This isn't a case of residents "having nothing better to do" as has been said more than once in this debate. There are plenty of dog owners in the neighborhood who support the leash law. Those dog owners and those without dogs supporting the leash law are looking out for their neighbors of the human and furry variety,  even if the "Doggie Freedom" crowd isn't. Yes, freedom-lovers, they are even looking out for your dog, even if you aren't.

Dogs do need their exercise and do deserve to run free from time to time. Unfortunately, most dwellings in Soulard don't have the luxury of a yard. A group of neighbors realized this years ago. Frenchtown Dog Park has existed on the northwest side of Soulard since 2004. The private park currently features a fenced-in portion encompassing 3/4 of an acre for dogs to run free in. Membership is $60 per year for one dog and $20 for each additional dog. Membership requires a photo of your dog, its vaccination paperwork and the your agreement to abide by a set of rules and regulations meant to protect dogs and owners.

Is Frenchtown Dog Park ideal for everyone? No, in a perfect would of rainbows and unicorns, all dogs and their owners would be the most well-behaved people in the world. Unfortunately, that isn't the case. Our neighbors recognized that a problem existed where people wanted to live in this area and wanted to own a dog, but didn't have the convenience and safety of having their own fenced in yard. This is the solution that was produced and is supported by a great deal of neighbors. Dog owners in Soulard have a dog park they can walk to and let their dog run free with more safeguards than in public parks like Pontiac. As an added bonus, they don't run the risk of being ticketed either.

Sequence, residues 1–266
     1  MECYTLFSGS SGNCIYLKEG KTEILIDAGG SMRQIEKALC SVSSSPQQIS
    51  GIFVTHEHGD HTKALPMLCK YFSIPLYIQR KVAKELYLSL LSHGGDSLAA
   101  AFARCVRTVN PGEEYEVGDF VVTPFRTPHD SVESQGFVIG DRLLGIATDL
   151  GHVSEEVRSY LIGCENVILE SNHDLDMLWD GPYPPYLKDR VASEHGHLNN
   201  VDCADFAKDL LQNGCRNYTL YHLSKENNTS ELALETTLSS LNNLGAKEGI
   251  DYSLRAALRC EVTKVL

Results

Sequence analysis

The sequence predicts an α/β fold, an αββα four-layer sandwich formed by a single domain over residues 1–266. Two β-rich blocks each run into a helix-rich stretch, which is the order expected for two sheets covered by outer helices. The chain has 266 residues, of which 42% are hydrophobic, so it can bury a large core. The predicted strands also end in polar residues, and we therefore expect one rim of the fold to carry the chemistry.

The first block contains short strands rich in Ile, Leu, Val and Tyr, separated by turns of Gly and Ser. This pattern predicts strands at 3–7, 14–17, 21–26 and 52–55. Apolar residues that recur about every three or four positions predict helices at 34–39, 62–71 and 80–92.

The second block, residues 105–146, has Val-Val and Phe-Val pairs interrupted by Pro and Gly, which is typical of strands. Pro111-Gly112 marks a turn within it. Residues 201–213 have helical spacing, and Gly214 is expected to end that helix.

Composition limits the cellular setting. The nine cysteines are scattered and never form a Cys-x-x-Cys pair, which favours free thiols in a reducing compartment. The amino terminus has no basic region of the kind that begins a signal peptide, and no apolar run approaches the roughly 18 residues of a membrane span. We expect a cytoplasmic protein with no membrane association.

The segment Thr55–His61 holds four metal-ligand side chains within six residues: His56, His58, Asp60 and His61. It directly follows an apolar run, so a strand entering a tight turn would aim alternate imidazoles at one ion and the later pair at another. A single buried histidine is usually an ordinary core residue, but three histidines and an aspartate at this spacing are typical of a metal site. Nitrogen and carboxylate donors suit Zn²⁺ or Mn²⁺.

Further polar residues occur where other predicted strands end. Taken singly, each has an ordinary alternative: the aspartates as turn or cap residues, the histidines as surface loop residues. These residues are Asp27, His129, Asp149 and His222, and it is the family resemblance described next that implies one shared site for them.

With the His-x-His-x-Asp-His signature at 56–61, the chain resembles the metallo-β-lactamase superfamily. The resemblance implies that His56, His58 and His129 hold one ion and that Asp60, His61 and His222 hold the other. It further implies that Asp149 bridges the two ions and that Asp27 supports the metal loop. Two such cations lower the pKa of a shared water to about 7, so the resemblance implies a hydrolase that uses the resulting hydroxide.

For whatever reason, some people insist on allowing their dogs to run free. Many probably think they are doing their dog a favor. They aren't. They are putting themselves, their pets and their neighbors in danger. It's a lot like texting and driving. Texters know they are putting themselves and others in danger, but they are put their own needs and desires above that. Both acts aren't likely to cause death but definitely can. In the case of both acts, it's not worth chancing one if a possible outcome is death.

A healthy debate is always good and each side's opinions deserve respect. What comes next if these dog owners insist on letting their dogs have their freedom? The St. Louis Police Department has the authority to ticket those owners, but honestly, and this is coming from a supporter of the leash law, the city's police have better things to be doing than ticketing these people. We can only hope that these owners realize how selfish they are being and change their ways. Until then, lets all just hope and pray to the Island Gods that no neighbor of the human or pet variety gets hurt.